Mainframe File Transfer WTF



  • Yesterday, I was given an overview of the Mainframe transfers files to a Unix server every half hour.  The catch is that the files are processed in sequential order, or there can be messy consequences. 

    Here are the most important details about said sequencing:

    1) The Mainframe will occasionally send three files in close succession and in reverse order.  As a result, if the Unix server is expecting file number 10, but gets 15, it won't do anything until file number 10 is sent (files 11 through 14 are sent before file 10 is sent).  The true fun comes in the fact that for every file sequence above the one received, a **CRITICAL** email is sent out warning of this and it takes 2 or 3 of these before anybody will react.

    2) The sequence number is stored in a file on the Unix server.  The Mainframe does not access this file, but rather it will maintain the value on its own.  Nobody could explain why the original developer, nearly a decade ago, did not opt to use a different method.

    Also, I should point out that to communicate back to the Mainframe, a realtime mechanism is used.  This mechanism could replace the file loads, but unfortunately, that costs time and money to re-engineer an established, "working" system.



  • @DoctorFriday said:

    Also, I should point out that to communicate back to the Mainframe, a realtime mechanism is used.  This mechanism could replace the file loads, but unfortunately, that costs time and money to re-engineer an established, "working" system.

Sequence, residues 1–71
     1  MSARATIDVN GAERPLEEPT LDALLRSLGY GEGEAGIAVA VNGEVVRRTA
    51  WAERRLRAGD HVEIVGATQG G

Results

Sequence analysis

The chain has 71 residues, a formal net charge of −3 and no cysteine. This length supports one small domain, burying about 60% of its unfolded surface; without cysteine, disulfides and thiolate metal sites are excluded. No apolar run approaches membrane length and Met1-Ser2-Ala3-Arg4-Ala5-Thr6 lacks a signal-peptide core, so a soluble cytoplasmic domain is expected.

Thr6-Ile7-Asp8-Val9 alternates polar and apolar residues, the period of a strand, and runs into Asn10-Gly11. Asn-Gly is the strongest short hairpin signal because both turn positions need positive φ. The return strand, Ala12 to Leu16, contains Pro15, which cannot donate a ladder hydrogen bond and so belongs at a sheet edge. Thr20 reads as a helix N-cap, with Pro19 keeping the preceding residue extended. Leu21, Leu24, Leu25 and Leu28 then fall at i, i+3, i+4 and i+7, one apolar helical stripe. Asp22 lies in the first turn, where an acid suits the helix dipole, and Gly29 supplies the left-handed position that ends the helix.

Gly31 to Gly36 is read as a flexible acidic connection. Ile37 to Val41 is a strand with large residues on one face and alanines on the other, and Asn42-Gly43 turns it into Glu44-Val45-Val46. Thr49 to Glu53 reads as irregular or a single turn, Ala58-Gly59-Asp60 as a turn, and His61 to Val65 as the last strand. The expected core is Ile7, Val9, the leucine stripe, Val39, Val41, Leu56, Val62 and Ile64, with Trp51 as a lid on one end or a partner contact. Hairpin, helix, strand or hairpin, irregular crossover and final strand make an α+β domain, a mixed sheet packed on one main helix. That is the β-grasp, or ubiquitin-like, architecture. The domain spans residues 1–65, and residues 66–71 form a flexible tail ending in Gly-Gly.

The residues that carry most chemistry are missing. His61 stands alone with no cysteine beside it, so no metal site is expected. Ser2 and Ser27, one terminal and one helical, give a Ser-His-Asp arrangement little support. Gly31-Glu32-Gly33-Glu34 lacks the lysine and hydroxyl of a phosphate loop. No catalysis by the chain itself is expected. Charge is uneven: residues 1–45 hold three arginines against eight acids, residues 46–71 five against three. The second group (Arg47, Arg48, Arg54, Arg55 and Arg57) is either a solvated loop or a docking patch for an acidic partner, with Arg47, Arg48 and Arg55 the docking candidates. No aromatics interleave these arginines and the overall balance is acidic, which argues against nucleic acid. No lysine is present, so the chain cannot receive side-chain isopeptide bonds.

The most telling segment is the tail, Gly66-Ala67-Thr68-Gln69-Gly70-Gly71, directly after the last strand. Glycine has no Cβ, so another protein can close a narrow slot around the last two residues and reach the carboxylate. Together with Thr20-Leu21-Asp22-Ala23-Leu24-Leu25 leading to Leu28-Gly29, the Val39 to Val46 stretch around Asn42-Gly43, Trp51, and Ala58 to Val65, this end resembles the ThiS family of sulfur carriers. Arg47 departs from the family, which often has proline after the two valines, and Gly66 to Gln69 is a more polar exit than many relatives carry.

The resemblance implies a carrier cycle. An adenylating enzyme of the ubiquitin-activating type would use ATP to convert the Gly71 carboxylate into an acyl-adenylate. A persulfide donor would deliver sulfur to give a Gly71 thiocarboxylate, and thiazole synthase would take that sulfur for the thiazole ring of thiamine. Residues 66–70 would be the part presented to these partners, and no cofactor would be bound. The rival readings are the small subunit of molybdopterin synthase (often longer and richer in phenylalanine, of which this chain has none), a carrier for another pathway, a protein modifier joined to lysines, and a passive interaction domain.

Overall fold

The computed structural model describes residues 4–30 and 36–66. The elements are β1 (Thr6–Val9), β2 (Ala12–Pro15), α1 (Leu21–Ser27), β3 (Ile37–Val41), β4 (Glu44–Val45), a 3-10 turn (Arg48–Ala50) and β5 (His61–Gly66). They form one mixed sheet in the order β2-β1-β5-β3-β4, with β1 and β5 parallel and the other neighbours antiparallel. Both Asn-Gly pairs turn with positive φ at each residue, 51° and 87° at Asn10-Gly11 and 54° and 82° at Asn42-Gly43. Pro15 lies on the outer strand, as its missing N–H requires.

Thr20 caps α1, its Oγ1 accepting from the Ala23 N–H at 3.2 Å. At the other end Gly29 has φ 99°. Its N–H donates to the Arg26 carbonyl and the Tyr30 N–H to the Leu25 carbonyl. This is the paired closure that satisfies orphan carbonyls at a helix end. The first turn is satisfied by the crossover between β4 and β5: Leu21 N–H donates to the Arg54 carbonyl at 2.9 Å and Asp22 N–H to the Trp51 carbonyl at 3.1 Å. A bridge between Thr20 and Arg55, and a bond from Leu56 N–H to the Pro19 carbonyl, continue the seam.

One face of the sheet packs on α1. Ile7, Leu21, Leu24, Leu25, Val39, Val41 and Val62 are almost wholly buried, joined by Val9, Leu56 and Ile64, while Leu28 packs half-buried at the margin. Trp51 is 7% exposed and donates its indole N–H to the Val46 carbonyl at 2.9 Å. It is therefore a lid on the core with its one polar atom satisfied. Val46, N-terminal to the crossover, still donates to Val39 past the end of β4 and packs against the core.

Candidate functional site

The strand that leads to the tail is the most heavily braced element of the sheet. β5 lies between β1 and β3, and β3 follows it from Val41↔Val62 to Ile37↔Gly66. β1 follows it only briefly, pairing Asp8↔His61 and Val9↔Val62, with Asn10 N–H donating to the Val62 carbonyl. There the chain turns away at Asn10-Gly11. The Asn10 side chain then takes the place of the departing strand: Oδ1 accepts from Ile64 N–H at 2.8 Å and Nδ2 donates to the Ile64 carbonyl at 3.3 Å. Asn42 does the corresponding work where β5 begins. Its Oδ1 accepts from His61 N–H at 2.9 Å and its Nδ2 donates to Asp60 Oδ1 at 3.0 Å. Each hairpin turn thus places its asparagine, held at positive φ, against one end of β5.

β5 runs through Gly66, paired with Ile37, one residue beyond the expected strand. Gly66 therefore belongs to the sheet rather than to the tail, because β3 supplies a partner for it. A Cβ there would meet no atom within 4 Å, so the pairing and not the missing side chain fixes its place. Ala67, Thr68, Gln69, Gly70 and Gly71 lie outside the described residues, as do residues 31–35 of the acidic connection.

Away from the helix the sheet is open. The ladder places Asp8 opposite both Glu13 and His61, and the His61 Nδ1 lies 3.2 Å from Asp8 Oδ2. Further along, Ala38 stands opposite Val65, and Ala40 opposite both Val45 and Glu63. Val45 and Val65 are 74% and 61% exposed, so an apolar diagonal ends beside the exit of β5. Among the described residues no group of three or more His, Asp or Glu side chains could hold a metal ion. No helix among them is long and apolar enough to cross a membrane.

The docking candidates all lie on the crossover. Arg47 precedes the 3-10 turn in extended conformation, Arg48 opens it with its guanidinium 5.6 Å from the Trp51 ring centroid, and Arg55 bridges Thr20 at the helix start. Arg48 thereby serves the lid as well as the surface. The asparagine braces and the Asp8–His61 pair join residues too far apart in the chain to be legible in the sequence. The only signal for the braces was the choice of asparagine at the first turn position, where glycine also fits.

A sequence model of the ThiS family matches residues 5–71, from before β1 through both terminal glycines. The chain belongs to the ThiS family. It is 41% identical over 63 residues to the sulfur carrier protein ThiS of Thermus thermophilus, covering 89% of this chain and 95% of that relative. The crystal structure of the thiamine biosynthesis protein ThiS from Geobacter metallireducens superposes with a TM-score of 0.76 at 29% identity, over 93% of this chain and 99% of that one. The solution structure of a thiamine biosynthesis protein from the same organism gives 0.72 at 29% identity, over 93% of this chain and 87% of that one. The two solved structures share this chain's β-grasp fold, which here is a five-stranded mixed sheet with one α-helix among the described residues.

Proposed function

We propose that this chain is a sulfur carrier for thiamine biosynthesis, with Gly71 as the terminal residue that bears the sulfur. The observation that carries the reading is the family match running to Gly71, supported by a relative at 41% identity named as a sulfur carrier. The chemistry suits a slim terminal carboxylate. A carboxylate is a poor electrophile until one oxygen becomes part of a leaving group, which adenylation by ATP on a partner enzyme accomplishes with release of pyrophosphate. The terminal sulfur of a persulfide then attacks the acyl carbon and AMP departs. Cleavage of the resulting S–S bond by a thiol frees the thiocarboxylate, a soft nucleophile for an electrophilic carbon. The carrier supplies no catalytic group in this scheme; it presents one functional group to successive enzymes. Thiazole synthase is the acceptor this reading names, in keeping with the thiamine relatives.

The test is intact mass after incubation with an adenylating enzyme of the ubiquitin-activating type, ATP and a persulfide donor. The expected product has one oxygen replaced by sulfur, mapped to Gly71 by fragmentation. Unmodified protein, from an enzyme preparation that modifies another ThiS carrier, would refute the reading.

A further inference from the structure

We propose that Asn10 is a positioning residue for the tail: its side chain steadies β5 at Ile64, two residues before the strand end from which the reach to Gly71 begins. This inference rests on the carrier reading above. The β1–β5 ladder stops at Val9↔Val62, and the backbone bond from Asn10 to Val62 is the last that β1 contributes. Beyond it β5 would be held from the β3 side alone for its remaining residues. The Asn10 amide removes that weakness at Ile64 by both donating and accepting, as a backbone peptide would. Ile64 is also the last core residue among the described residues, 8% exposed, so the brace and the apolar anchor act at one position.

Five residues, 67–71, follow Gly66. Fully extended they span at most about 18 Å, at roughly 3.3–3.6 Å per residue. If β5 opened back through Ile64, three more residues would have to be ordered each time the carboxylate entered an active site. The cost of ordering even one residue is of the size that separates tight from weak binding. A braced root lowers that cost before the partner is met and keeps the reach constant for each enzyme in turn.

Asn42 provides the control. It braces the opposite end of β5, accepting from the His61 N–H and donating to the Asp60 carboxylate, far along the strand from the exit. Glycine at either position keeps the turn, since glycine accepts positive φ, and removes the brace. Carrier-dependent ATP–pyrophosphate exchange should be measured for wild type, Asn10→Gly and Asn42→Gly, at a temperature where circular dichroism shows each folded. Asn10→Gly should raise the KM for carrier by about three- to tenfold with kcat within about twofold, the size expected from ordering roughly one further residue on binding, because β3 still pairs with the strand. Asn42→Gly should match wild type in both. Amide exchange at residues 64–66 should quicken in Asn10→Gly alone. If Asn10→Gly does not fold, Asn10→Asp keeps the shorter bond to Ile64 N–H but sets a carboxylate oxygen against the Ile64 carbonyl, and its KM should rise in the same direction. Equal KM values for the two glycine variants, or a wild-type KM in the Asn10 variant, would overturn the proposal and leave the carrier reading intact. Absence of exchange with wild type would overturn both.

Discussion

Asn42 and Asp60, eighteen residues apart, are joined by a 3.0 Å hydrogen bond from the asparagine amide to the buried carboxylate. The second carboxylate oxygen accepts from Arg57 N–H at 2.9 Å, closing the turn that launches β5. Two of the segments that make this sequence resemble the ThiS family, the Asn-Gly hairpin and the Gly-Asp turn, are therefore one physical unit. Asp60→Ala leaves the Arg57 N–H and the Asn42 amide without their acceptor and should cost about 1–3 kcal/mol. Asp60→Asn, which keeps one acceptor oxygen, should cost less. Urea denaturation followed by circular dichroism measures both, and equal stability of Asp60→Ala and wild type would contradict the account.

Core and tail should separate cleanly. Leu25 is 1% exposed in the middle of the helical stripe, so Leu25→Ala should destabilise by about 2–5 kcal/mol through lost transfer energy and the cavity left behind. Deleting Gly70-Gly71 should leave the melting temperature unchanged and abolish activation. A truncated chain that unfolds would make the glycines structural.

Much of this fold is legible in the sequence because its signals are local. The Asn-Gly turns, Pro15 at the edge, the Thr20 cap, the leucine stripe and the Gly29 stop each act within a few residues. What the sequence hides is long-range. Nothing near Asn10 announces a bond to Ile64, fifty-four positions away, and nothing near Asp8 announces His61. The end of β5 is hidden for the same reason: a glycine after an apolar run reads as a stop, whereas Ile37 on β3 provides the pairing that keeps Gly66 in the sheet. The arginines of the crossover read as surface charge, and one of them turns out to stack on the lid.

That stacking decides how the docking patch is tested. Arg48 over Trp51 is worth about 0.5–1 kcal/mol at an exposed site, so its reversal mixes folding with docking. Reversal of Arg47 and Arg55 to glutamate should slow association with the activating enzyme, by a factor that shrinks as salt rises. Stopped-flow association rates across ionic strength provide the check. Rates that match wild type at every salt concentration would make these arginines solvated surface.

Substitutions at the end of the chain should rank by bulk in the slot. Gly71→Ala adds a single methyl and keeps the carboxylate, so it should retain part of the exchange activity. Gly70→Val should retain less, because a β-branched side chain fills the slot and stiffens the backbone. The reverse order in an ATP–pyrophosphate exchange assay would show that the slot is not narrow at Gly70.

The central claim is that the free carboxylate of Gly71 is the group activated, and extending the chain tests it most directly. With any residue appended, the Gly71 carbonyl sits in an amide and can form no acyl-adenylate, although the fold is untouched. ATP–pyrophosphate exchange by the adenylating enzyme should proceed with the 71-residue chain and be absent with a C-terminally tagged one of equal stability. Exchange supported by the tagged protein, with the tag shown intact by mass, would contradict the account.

Control-M, maybe? Or the other Connect-something? Basically I remember some weird mix of both of these being used for Mainframe<->UNIX data transfers. Any of these would use files moving between the Mainframe and the UNIX box. True for B2B uses, and also true for internal business stuff. I think the reason for using files in these transfers has something to do with the files themselves leaving an auditable trail, as it would be easier to just use the realtime mechanisms.



  • @DoctorFriday said:

    Also, I should point out that to communicate back to the Mainframe, a realtime mechanism is used.  This mechanism could replace the file loads, but unfortunately, that costs time and money to re-engineer an established, "working" system.

    I think I had exactly the same meeting today too.  One of the accounting team says, "Why do we need to change the current, working system?"  Well maybe because 2.5 months after the slo-mo train wreck that was "go live" we still don't know how many millions of dollars aren't accounted for.  The meeting broke up pretty quietly after I said that.


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